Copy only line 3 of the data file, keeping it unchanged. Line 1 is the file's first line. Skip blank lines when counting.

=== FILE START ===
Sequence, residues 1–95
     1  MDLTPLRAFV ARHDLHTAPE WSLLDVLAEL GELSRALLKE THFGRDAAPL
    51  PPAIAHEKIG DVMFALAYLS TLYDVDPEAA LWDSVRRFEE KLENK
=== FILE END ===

    51  PPAIAHEKIG DVMFALAYLS TLYDVDPEAA LWDSVRRFEE KLENK